The rise and rise of 23-year-old Alex Yee all the way to the Tokyo 2020 Olympic start line has been impressive, but far from smooth. His clear talent notwithstanding, it would have taken a brave person to predict he would become Great Britain’s second male team member ahead of Alistair Brownlee, but a timely first World Triathlon Championship Series win at WTCS Leeds last month confirmed what many already knew: Yee was absolutely ready for the unique challenge of a first Olympic Games.
Perhaps it was the way he returned to racing after a horrendous bike crash in the 2017 Cagliari World Cup that set the tone. Perhaps that was the clearest indicator of the toughness required to challenge on the biggest stage in sport.
A year out of racing had followed that collision with a concrete bollard in Sardinia, the impact having left him with a collapsed lung and broken ribs. Yee’s first World Triathlon race back after the incident? The 2018 Cagliari World Cup and a brave 8th-placed finish courtesy of the fastest run split in the field by an incredible 20 seconds.
It is that run that can make him so dangerous when he comes out of T2 in touch with the leaders off the bike, that in 2019 ran him to gold in Cape Town, silver in Abu Dhabi and eventually a Series gold in Leeds, that could see him challenging for an Olympic medal in Tokyo on 26 July.
“I’ve been out of my comfort zone a lot in racing and I think I’ve learned that I like to challenge myself and be in that uncomfortable zone. I think it is a common thing with a lot of us athletes. A lot of how my race goes is my mindset heading in to the race. We’re only human and you do get nerves but, at the end of the day, it is a triathlon and we are doing what we love.”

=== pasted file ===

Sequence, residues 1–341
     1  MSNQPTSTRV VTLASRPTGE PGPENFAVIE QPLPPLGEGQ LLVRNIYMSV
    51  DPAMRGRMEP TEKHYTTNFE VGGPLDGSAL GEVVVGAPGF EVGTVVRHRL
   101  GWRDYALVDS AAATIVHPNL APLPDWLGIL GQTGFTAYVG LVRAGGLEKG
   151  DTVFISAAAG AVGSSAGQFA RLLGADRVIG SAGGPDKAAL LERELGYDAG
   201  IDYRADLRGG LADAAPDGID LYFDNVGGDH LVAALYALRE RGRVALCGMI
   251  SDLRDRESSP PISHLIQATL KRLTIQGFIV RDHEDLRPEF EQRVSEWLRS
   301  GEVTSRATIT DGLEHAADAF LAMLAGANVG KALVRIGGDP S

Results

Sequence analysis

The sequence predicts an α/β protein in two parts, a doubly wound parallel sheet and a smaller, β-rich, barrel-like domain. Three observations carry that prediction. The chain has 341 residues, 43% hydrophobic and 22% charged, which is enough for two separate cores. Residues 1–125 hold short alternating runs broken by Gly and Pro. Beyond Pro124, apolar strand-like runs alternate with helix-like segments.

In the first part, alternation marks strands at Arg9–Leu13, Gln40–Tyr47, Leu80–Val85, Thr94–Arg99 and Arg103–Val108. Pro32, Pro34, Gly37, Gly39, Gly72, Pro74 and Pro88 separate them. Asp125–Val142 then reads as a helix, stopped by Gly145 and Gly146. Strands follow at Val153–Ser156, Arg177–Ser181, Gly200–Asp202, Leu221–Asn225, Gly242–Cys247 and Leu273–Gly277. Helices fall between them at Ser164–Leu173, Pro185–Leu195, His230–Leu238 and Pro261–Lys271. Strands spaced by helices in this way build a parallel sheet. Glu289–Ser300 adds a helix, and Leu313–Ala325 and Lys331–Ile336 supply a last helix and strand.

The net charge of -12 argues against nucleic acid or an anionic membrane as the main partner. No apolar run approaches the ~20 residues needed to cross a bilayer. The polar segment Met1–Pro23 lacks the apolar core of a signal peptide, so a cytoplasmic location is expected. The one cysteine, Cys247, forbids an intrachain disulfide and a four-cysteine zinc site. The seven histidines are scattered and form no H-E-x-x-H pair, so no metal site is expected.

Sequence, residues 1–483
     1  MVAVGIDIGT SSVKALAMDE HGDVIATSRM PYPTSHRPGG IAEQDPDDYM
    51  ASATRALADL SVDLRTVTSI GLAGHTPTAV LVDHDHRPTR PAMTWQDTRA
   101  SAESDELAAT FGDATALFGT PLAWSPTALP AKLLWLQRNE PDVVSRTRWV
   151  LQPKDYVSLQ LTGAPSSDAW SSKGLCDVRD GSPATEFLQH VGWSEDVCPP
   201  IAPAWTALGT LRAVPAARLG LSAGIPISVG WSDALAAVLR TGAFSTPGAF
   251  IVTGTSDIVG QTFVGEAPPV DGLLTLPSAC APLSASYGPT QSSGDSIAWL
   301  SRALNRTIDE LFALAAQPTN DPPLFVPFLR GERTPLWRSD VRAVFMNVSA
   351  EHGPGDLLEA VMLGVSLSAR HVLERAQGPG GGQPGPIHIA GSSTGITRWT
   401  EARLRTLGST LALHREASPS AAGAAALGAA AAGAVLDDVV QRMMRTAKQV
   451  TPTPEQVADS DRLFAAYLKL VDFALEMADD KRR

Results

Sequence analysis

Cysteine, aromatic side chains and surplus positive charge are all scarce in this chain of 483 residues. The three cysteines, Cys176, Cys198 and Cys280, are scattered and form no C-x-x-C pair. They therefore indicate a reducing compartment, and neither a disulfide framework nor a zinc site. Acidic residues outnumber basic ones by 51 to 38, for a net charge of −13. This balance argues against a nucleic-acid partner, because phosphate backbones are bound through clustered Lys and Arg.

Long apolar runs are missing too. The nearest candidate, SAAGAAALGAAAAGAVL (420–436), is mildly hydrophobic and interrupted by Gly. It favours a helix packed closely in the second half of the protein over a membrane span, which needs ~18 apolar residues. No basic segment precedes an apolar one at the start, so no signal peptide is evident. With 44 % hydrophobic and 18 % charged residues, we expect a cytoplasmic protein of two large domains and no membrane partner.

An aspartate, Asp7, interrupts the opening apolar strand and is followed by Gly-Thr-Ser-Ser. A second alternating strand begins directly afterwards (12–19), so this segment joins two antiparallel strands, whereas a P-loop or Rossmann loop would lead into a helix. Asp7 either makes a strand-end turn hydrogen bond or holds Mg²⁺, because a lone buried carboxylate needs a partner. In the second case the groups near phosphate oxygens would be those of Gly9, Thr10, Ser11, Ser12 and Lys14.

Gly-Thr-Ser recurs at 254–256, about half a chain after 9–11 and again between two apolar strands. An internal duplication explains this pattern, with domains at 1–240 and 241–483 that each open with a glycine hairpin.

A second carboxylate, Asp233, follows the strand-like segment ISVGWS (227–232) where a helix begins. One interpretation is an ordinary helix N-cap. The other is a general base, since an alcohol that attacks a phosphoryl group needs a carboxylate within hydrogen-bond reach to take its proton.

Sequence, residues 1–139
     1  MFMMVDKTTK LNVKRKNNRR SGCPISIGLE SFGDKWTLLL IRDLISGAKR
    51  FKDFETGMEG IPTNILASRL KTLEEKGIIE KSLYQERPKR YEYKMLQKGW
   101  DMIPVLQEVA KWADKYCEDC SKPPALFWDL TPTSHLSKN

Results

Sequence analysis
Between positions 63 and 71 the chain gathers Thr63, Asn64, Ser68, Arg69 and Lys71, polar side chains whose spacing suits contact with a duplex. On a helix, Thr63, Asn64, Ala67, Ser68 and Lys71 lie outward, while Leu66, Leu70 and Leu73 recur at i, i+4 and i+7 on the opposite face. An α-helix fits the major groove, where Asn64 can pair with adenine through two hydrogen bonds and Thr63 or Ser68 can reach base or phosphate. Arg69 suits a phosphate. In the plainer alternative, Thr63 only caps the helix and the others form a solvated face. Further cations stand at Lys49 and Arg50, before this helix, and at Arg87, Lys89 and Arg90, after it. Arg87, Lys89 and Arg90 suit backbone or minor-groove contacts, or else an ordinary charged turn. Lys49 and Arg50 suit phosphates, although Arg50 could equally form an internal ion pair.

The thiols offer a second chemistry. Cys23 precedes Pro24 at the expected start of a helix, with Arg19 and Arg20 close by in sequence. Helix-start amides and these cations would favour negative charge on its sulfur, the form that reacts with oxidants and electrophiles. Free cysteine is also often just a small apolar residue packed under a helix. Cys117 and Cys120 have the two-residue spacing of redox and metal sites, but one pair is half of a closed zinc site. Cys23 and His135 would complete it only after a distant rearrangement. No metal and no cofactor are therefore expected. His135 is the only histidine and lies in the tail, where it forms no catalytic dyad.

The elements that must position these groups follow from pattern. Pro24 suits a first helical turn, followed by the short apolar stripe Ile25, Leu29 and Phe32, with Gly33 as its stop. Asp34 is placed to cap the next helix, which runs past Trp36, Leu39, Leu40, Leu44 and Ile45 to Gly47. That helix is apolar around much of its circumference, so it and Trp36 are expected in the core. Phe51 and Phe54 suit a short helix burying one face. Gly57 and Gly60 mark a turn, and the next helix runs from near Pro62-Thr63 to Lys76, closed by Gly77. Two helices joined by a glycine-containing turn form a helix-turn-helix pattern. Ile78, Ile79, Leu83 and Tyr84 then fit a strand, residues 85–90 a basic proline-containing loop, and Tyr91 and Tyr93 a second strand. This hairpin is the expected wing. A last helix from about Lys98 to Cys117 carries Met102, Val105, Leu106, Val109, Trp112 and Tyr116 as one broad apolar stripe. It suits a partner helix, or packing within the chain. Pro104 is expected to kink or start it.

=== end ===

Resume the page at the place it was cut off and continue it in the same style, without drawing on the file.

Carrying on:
The mindset heading into Leeds was one of huge determination, intent on proving himself to the selectors as they faced the dilemma of who would be the second man alongside Jonny Brownlee in the GB squad for the Games. It also offered the surreal challenge of going up against the man who had provided some of his first Olympic memories, teammate Alistair Brownlee.
“London 2012 was one of the first Olympics I remember watching non-stop as a kid, being in front of the TV all the time, being addicted almost to all the events. One of the athletes at my run club had qualified for the 400m and he turned up in all his GB kit and it was just really inspiring. The Olympic Games is the pinnacle of our sport and becoming Olympic Champion is the ultimate one-day performance you can do. It has always been a goal for me to achieve.”
Yee finished 33rd at the Tokyo Test Event back in 2019, but the experience could prove invaluable for an athlete who likes to get his preparations just right.
“My process on race day is to have everything written in my journal, my thoughts for the race and what I want to do minute by minute. That helps me get to the start line without working myself up or getting too nervous. It was great to race the course already, there’s a lot of fast parts, narrow sections, the weather is definitely challenging.”
The Test Event Mixed Relay is another string to the bow in Yee’s hopes of leaving Tokyo with an Olympic medal. His disappointment after being edged into second place at the end of a phenomenal tussle with Frenchman Dorian Coninx as clear as his delight bringing home GB to gold had been in the Nottingham Mixed Relay two months earlier. So what would be his dream relay line up?
“I’m going with GB for the women, with Jess Learmonth first and Georgia third, Hayden Wilde on the second leg and Jake Birtwhistle to finish it off. And I’d be first reserve!”